The British Council, the international organisation of the UK for cultural relations and educational opportunities, organised the annual Education UK Exhibition at Hotel Gateway here on Sunday with many local students and parents visiting the stalls enquiring about various higher educational opportunities in UK universities.

Representatives of nearly 21 UK universities provided information and clarified doubts in one on one interaction with the students. Most queries from the candidates aspiring for higher education were related to the post graduate courses in business administration, engineering and pharmacy courses. Some students also made enquiries about under graduate courses and integrated courses in engineering.

The universities that set up stalls at the exhibition included the University of Abertay Dundee, University of Bedfordshire, Birmingham City University, University of Central Lancashire, University of Chester, University of East London, Edge Hill University, University of Glamorgan, Liverpool John Moores University, London Metropolitan University and so on.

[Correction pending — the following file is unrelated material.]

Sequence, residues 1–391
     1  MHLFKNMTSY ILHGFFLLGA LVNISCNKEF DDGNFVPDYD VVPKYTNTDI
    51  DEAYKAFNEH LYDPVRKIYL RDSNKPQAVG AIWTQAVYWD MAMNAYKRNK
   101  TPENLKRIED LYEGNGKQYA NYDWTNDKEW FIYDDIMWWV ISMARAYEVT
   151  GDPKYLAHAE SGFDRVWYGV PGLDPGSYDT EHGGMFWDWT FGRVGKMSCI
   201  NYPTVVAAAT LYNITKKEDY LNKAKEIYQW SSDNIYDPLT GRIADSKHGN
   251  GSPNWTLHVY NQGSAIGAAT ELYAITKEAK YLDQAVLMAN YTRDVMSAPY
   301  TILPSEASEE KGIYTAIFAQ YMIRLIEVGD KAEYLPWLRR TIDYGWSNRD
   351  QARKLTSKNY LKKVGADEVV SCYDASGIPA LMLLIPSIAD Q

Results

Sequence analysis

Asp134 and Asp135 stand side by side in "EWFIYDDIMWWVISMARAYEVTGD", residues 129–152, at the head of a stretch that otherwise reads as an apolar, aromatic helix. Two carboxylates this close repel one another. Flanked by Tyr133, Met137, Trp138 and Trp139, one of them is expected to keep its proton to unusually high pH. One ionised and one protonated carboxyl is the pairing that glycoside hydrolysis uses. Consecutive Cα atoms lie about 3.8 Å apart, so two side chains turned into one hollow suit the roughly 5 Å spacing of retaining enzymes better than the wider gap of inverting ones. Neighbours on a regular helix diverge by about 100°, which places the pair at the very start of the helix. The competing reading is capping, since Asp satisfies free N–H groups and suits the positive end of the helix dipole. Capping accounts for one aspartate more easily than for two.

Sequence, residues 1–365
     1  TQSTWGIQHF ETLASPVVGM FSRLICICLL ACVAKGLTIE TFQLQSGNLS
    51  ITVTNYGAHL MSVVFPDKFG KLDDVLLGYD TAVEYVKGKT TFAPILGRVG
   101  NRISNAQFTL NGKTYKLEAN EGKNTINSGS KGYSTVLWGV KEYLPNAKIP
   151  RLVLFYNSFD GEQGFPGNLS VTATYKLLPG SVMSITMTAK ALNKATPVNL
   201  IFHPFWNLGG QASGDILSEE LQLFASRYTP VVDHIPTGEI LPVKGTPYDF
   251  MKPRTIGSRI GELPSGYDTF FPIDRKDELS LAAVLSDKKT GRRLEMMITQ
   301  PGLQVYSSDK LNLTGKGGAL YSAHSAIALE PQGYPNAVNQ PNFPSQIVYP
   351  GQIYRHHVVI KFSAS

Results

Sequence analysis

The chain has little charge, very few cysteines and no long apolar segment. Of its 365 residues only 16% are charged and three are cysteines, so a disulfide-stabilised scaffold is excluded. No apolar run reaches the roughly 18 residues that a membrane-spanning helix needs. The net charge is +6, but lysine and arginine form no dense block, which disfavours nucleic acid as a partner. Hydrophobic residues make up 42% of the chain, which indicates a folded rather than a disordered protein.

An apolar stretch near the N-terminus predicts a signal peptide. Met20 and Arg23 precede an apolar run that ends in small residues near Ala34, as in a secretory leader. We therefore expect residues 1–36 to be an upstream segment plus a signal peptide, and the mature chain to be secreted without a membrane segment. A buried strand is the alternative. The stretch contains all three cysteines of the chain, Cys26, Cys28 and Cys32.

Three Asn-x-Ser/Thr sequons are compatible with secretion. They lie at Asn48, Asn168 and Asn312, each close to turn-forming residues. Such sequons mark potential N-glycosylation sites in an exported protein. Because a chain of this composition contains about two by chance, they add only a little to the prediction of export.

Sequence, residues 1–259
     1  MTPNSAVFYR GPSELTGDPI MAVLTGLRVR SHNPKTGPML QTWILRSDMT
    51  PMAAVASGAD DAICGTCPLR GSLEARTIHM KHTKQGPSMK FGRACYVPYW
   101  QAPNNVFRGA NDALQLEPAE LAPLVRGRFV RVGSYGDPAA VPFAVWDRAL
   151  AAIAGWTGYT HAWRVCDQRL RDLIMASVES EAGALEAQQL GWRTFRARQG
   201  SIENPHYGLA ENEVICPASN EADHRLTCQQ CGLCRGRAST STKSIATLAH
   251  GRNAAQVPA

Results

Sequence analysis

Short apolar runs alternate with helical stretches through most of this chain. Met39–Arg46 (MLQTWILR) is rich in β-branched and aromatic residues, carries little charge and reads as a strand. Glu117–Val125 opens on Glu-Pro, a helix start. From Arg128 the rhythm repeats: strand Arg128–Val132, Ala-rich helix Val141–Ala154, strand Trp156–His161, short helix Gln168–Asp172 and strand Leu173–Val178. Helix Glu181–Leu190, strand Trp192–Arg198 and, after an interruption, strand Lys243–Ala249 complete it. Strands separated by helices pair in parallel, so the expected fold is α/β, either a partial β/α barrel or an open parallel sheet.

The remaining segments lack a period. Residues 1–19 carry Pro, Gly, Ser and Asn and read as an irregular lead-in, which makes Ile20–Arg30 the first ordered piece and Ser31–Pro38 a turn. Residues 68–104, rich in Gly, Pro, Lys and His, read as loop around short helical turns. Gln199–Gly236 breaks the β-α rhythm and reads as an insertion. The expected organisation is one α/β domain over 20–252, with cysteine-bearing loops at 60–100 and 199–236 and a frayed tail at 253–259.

“The response from Indian students is good. We are offering scholarships to good students,” said Jon Peach, international assistant of London South Bank University. In their university, most Indian students would join MBA course followed by engineering, pharmacy, law and biotechnology courses.

Mr. Peach said that their MBA course held a lot of international demand as the students would stand to gain in terms of exposure and wide placement opportunities. Diversity of students in their university with many countries being represented was one of the reasons for the success of the MBA course. “In our university, we have 2,000 international students. Of them nearly 500 are Indian students. Students from China and India are more in number,” he added.

PG level

L. Dhanasekaran, head of Education UK, South India, said that the Indian students were choosing to do specialised courses at the PG level in the UK rather than going there early for enrolling into under graduate courses.

Besides the cost factor, it was the availability of quality courses in Indian universities at the UG level that prevented students from opting for these courses in the UK. Mr. Dhanasekaran said that the duration of MBA courses in the UK was just one year even as the quality of the programmes was known internationally.

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